Are direct-to-consumer sales really failing to lift the wine industry?

Last month I was surprised to read a headline on the industry portal Wine Industry Network titled Direct to Consumer Sales Fails to Lift the Wine Industry.  As a winery whose business model works only because of direct sales, I was curious to learn more about what the author Brian Rosen, consultant and former proprietor of Sam's Wine & Spirits, meant by the headline.  I posted my thoughts on Twitter:

Direct sales tweets 1

After which, he and I shot a few tweets back and forth, elaborating our positions:

Direct sales tweets 2

Brian's article was particularly interesting to me because it plays against the dominant narrative right now, that direct sales are on an inexorable rise, and that wineries should do everything that they can to make sure they're well positioned in this channel. What's more, that dominant narrative certainly jibes with our own experience here at Tablas Creek.  When we started, we believed that we would sell all our production through the wholesale channel.  Between the reputation of Beaucastel and the marketing muscle of Vineyard Brands, we thought that we could focus on grapegrowing and winemaking and the rest would take care of itself.

Five years of experience taught us that our initial expectations were unrealistic, and we made the decision in 2002 to take a much more active role in our marketing and sales.  We opened our tasting room, started our wine club, began participating in a wider array of events, worked harder and more closely with our distributor partners, and started participating more consistently in the promotional efforts of the regional and varietal organizations to which we belonged.  Little by little, we clawed our way out of what was a dangerous period when we were bleeding cash each year and became profitable.

In the steepest period of this climb, where we went from selling just under 4000 cases of wine in 2001 (all in wholesale) to nearly 20,000 cases of wine in 2007 (split between wholesale and direct) we saw significant growth in all our channels.  Our wholesale sales increased more than 250% over that period, to some 11,000 cases.  Our direct sales grew from nothing to some 9,000 cases.  But each year, as we looked at our financial reports, it became clear that our growing wholesale sales, far from driving our profitability, were only about a 50/50 bet to cover the cost of selling our wine in this channel.  As a company, all the profit that hit our bottom line came from the direct sales.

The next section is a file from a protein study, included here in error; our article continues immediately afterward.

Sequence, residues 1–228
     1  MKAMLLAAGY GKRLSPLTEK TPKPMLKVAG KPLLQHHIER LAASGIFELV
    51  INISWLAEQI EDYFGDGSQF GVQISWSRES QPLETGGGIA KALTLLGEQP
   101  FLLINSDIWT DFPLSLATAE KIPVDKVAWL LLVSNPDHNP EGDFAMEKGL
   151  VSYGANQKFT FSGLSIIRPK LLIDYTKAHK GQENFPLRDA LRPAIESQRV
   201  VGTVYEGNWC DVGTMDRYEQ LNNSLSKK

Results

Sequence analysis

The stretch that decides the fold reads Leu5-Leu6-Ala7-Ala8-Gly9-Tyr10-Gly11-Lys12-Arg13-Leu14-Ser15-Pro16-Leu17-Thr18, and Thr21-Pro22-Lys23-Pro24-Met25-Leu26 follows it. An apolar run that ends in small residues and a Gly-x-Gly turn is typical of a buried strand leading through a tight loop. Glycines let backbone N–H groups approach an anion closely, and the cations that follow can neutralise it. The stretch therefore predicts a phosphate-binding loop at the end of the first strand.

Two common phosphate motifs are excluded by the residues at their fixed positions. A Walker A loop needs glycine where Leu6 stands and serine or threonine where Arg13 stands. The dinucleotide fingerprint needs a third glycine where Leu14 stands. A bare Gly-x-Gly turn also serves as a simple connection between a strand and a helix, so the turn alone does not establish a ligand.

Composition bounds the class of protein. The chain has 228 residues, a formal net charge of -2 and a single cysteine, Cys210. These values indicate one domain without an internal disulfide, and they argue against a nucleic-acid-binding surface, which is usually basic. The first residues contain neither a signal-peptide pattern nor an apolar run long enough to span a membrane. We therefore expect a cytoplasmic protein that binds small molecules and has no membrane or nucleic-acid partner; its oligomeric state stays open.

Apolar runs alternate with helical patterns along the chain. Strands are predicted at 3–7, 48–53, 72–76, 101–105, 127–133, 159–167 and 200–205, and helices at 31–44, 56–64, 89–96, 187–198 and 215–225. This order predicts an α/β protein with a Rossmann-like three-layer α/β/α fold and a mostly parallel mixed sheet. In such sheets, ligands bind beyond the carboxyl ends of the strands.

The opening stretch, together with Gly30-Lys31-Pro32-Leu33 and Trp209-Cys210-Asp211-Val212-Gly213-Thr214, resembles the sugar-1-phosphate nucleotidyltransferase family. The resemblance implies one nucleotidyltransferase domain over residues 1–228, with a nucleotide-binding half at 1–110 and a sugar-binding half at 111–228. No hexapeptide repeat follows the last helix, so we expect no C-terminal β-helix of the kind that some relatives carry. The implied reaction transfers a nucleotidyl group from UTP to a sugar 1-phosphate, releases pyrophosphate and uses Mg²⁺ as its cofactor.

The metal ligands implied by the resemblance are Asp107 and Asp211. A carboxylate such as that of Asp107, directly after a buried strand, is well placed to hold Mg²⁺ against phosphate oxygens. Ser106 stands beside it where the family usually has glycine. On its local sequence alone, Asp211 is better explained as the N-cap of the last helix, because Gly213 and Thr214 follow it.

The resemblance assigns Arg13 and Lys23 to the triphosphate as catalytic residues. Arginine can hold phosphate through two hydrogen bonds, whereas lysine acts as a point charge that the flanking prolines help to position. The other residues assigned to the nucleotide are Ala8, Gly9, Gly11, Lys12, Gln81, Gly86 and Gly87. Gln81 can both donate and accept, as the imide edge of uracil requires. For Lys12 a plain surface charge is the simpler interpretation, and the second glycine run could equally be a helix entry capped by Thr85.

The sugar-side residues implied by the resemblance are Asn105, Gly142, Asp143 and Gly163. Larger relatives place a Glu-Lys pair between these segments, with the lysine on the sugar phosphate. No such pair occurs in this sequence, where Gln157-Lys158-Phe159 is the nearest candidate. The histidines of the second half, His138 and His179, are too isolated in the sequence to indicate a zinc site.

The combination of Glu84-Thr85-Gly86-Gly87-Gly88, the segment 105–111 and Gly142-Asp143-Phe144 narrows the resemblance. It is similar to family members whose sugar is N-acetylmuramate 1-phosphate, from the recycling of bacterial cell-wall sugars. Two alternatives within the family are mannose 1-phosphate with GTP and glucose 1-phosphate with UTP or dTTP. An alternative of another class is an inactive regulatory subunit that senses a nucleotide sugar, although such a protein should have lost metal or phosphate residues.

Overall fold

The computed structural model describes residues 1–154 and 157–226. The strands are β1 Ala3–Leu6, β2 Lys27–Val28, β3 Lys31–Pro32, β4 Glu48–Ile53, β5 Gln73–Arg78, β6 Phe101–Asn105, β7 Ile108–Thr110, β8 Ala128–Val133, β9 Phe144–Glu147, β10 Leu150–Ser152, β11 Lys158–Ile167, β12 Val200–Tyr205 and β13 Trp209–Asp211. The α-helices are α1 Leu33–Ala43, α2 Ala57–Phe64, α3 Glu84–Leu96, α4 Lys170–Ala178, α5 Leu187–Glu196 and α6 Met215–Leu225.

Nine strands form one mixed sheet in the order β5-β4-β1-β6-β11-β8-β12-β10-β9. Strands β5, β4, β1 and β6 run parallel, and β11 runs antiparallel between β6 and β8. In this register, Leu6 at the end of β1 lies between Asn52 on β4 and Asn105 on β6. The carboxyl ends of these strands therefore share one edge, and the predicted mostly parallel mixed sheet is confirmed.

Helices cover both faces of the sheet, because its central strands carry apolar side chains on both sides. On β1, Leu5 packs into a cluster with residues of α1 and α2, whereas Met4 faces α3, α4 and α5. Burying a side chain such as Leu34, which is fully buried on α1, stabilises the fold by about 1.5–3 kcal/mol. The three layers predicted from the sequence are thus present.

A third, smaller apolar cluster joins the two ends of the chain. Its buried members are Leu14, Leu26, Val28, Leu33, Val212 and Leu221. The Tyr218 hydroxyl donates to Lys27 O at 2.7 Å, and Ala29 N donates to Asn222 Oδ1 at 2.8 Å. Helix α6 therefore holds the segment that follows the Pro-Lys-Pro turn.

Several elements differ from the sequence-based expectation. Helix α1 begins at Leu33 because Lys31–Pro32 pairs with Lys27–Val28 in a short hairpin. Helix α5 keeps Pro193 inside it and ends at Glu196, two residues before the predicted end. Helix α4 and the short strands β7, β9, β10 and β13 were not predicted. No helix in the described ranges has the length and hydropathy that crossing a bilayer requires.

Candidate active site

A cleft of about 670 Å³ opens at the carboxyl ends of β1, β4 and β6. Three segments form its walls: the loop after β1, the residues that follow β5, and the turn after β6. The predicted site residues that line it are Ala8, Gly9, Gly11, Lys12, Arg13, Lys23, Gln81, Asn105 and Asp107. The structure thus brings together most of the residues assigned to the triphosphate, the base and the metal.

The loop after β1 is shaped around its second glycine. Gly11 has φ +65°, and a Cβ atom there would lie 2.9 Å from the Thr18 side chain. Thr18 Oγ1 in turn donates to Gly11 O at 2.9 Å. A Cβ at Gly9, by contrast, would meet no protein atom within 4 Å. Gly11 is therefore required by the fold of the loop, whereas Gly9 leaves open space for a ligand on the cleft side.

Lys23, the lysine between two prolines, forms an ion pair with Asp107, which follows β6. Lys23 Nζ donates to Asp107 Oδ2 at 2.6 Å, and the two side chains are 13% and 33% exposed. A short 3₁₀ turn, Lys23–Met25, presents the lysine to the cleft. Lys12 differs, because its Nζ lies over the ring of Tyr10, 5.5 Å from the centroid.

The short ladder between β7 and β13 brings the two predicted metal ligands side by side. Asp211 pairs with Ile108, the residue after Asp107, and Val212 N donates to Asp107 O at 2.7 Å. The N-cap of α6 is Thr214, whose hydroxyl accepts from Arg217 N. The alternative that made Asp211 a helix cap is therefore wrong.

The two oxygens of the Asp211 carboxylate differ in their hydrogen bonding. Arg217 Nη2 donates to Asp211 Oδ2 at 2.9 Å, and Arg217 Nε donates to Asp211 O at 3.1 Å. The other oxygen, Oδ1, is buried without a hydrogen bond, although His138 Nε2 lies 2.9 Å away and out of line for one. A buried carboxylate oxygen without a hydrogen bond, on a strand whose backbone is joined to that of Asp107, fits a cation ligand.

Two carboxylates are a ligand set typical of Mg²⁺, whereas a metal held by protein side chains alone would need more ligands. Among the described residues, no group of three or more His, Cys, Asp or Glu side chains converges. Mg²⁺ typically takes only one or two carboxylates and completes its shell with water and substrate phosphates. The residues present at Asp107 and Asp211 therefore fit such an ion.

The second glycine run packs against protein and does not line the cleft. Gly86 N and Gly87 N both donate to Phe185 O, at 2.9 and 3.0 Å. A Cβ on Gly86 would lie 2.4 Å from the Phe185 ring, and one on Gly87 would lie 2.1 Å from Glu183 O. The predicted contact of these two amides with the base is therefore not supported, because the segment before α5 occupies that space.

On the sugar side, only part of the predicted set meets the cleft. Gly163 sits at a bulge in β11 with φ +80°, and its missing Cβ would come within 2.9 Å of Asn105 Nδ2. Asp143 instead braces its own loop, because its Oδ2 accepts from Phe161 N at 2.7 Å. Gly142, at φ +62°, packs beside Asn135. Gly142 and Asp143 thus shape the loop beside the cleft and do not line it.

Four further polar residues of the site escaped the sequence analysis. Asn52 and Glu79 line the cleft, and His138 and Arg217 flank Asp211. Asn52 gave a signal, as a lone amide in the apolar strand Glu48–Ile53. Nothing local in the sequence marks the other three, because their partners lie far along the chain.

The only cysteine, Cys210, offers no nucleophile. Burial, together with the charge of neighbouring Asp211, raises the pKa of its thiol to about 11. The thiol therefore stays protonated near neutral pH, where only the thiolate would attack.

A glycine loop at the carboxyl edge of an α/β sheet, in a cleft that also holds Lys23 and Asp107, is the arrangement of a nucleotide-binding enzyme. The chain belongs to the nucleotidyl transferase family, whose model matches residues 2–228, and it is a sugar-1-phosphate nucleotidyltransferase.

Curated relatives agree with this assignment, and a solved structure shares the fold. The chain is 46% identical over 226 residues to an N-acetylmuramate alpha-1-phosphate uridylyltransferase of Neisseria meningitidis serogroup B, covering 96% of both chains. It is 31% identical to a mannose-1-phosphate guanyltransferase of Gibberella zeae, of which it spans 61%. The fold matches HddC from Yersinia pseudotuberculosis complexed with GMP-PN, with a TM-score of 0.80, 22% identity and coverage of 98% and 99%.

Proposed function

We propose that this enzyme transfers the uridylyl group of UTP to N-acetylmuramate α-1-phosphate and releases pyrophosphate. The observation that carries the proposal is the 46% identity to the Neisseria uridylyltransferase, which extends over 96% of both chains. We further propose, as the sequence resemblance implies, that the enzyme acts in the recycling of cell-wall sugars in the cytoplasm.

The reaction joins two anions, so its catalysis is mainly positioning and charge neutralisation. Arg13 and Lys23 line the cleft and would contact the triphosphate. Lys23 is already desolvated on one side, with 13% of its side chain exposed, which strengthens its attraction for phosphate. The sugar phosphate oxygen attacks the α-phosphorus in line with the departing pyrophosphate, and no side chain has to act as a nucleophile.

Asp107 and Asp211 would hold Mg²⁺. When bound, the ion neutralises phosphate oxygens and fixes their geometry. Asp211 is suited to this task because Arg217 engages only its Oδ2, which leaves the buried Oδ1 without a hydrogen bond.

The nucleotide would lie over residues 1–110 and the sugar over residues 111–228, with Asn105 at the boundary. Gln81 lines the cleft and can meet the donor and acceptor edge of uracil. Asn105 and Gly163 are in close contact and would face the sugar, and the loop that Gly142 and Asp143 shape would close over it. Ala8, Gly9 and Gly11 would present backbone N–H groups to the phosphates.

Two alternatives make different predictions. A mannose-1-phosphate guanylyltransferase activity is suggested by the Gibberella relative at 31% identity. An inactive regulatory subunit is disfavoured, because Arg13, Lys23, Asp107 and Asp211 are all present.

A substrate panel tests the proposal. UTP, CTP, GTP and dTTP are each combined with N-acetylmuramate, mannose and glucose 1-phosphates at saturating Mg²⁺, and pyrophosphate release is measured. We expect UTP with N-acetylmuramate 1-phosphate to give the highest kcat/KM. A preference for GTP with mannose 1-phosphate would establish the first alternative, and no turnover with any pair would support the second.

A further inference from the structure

The greater profitability of direct sales should be intuitive, but it's likely even more important to wineries than you think.  Most wineries aim to achieve the same price out in the wholesale market and in their direct sales.  For product destined for the wholesale market, wineries back out the expected wholesaler and retailer markups, leading to a wholesale sell price half of full retail price.  Given that the cost of producing a wine is likely half or more of the wholesale sell price, the profit of selling a case direct isn't double that of selling it in the wholesale market; it is several times greater.  It is this disparity that means that a winery can offer good discounts to its wine club members and still come out far ahead. 

Further increasing the relative attractiveness of direct sales is that most wineries find, as we have, that the mix they sell direct skews toward their higher-end wines, while the mix that sells in wholesale skews toward wines that are less expensive, both because the wholesale market is naturally more price-competitive and because of the practical limit on wholesale price for wines that restaurants can pour by the glass.  When we did the math we realized that 75% of our revenue was coming from the 45% of our wine we sold direct, while just 25% of our revenue came from the 55% of the wine sold through the wholesale channel.  In simpler terms, we sold our average direct case for three and a half times what we sold our average wholesale case for.